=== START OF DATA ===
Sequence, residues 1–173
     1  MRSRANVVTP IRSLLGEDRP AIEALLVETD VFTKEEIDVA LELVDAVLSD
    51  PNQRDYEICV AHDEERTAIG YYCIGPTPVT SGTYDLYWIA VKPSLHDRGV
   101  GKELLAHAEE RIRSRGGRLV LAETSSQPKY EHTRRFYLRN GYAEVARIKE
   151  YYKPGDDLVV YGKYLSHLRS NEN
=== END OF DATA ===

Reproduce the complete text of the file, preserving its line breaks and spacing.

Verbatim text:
Sequence, residues 1–173
     1  MRSRANVVTP IRSLLGEDRP AIEALLVETD VFTKEEIDVA LELVDAVLSD
    51  PNQRDYEICV AHDEERTAIG YYCIGPTPVT SGTYDLYWIA VKPSLHDRGV
   101  GKELLAHAEE RIRSRGGRLV LAETSSQPKY EHTRRFYLRN GYAEVARIKE
   151  YYKPGDDLVV YGKYLSHLRS NEN